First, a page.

Sometimes, in an attempt to follow a good practice, we end up overdoing it and harming ourselves. This is especially the case with natural treatments, as the dosage and frequency of use of many medicinal herbs are not always prescribed. Unless we see a natural health practitioner for every single ailment, chances are that we are medicating ourselves wrongly.
Self-medication is quite harmful. For one, we don’t know when to stop. Also, it may be that the underlying issue is different from what the symptoms are prompting us to treat. Keeping these aspects in mind, we must exercise caution while using any medicine, natural herbs included.
Turmeric has gained a lot of popularity in recent times. Lattes, detox diets, and pills made of the spice are quite common everywhere. However, turmeric can have some harmful effects on the body if consumed in excess. Here are some of the disadvantages of eating too much turmeric.
1. Inhibits Gall Bladder Function
Most of the studies on turmeric focus on its potential benefits. However, it is worth evaluating what that benefit does for our overall health. Curcumin, the active ingredient found in turmeric, can cause gallbladder contractions, which is beneficial in some cases.1 What is left undiscussed is the fact that in people with bile duct obstructions, such powerful contractions could actually be dangerous! Hence, anyone using turmeric to cleanse their hepatic system must be aware of the condition in which the system is, to begin with, or harmful effects may follow.
2. Forms Kidney Stones
Turmeric contains a high volume of soluble oxalates.2 Treatments using turmeric suggest using concentrated extracts, or turmeric to the order of many teaspoonfuls, which is more than what the average human being usually consumes in a day. Soluble oxalates can bind to calcium and form calcium oxalate – an insoluble compound that can form kidney stones.
3. Contains Adulterants
Is anything we eat today not adulterated? In spite of tough guidelines for food manufacturers, it is quite common to find colors, preservatives, and other bulking agents in food products. And turmeric is no exception.3
Metanil yellow is often added to give it the distinct bright yellow color. Metanil yellow is a non-permitted food color due to its molybdenum content.4 Some turmeric samples even contain flour as an additive to bulk up the volume, thus adding gluten to a product that is otherwise gluten-free. These adulterants can horribly affect your health.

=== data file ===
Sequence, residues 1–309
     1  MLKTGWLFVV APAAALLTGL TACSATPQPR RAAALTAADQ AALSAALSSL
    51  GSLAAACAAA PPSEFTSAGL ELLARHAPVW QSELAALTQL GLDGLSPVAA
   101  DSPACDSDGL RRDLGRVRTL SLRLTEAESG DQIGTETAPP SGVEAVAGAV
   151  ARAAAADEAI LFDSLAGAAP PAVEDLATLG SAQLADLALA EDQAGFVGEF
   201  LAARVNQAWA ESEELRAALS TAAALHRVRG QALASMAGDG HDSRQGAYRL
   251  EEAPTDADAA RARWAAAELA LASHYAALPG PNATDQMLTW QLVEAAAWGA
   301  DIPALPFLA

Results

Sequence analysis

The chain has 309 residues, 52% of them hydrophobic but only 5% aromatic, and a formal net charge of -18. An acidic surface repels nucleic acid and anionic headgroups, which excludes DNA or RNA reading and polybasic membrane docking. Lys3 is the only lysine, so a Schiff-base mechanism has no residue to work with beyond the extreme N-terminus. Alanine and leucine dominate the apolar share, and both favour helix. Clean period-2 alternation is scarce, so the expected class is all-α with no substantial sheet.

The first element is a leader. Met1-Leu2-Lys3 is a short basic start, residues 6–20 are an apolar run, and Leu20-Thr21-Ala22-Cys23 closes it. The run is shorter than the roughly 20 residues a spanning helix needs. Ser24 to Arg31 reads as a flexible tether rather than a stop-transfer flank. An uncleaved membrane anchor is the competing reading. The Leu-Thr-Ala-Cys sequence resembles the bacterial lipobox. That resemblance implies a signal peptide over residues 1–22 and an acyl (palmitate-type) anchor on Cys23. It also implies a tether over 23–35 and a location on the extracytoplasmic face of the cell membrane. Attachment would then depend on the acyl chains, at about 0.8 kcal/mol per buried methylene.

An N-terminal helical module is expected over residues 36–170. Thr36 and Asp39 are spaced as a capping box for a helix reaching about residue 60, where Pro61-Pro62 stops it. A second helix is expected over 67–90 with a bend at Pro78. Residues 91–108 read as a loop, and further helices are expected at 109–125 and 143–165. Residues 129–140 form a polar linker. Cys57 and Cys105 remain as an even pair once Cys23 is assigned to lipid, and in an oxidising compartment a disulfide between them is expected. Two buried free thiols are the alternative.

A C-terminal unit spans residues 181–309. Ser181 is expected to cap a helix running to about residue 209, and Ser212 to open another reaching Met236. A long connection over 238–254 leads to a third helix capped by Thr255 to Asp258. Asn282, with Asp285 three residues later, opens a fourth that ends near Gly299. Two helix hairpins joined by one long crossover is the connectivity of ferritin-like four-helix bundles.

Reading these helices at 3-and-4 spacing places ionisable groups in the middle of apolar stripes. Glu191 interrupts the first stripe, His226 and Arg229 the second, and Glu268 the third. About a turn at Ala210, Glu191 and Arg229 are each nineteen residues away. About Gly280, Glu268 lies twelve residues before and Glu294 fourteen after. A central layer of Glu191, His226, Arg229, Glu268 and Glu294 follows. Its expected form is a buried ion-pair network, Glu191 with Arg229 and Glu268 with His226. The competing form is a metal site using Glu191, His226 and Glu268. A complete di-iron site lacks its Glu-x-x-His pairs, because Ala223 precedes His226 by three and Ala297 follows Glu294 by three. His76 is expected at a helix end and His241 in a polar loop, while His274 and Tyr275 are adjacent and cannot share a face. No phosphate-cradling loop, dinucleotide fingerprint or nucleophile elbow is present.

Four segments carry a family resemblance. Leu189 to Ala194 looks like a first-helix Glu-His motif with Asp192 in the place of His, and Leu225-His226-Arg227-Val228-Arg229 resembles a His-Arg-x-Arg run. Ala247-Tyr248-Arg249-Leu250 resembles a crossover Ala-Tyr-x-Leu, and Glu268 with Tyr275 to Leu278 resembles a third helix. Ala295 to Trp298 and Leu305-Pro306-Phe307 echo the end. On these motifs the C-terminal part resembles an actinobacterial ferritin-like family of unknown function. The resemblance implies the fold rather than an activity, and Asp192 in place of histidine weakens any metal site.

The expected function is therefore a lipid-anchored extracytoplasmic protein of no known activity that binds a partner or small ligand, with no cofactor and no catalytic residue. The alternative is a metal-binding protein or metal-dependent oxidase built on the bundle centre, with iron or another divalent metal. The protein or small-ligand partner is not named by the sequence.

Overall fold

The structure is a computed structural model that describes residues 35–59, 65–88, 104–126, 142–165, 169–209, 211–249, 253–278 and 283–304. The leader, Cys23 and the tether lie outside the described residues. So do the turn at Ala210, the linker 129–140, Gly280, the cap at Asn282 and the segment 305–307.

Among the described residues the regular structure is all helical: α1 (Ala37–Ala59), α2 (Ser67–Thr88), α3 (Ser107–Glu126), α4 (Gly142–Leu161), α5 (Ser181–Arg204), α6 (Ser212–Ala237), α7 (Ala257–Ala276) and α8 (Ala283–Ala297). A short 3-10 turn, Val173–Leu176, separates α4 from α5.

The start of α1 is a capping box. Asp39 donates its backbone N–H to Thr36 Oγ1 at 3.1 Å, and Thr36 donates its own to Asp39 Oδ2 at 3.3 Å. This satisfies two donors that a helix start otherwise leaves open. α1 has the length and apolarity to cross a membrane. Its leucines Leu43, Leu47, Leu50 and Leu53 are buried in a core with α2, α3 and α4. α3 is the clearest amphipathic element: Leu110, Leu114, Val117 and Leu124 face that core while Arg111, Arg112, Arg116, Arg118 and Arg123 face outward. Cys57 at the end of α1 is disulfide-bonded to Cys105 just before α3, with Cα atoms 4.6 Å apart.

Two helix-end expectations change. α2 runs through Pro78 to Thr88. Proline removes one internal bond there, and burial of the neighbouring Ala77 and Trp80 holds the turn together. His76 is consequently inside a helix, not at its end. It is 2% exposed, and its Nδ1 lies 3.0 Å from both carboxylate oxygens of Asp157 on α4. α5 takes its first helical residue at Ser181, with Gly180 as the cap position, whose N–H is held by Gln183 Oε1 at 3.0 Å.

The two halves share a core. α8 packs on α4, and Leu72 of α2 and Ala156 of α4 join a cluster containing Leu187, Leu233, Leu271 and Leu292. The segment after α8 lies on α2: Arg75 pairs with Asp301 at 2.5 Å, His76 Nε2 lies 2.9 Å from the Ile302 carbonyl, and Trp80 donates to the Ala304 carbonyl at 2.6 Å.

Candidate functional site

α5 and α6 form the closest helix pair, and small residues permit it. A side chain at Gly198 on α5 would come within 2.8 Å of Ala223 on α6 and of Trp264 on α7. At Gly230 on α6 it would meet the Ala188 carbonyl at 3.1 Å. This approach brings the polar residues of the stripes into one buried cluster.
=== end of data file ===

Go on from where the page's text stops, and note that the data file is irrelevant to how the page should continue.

4. Disturbs The Heart Rhythm
In some cases, people who consume turmeric in the pill form have ended up in the ER due to disturbances in the heart rhythm. After a study period, it has been found that turmeric pills can pump too much curcumin into the body. This can lead to a complete blockage in the heart that needs to be reversed in a systematic manner. Hence, it is worth speaking to a doctor before going ahead and popping pills indiscriminately.5
5. Causes Uterine Contractions
Many herbal medicines have a very direct effect on the female reproductive system. There is a reason to believe that turmeric can act as a laxative and in the process, also stimulate uterine contractions. Pregnancy women at risk of complications should stay away from all herbs and spices.6 Although it is invalidated, it is believed that turmeric can also cause a heavy menstrual flow.
Note: No herb, even the most beneficial one, must be used without a prescription and for more than a specified time period. If you are concerned about the pills you are using, ask a natural health practitioner.
|↑1||Rasyid, A., and A. Lelo. “The effect of curcumin and placebo on human gall-bladder function: an ultrasound study.” Alimentary Pharmacology and Therapeutics 13, no. 2 (1999): 245-250.|
|↑2||Das, Sumana Ghosh, and G. P. Savage. “Total and soluble oxalate content of some Indian spices.” Plant foods for human nutrition 67, no. 2 (2012): 186-190.|
|↑3||Parvathy, V. A., V. P. Swetha, T. E. Sheeja, and B. Sasikumar. “Detection of plant-based adulterants in turmeric powder using DNA barcoding.” Pharmaceutical biology 53, no. 12 (2015): 1774-1779.|
|↑4||Ashfaq, Nadia, and Tariq Masud. “Surveillance on artifical colours in different ready to eat foods.” Pakistan J Nutr 5 (2002): 223-225.|
|↑5||Lee, Se-Whan, Seong-Su Nah, Jin-Soo Byon, Hee Ja Ko, Sang-Ho Park, Seung-Jin Lee, Won-Yong Shin, and Dong-Kyu Jin. “Transient complete atrioventricular block associated with curcumin intake.” International journal of cardiology 150, no. 2 (2011): e50-e52.|
|↑6||Belew, Cindy. “Herbs and the childbearing woman: Guidelines for midwives11DISCLAIMER: This article reflects the experience and research of the author. Every effort has been made to provide accurate and complete information. The reader should be aware, however, that information about herbs is constantly changing because of ongoing research and clinical experience; furthermore, differences in opinion exist among authorities with regard to herbal use. In addition, each individual is unique and may have unexpected ….” Journal of Nurse-Midwifery 44, no. 3 (1999): 231-252.|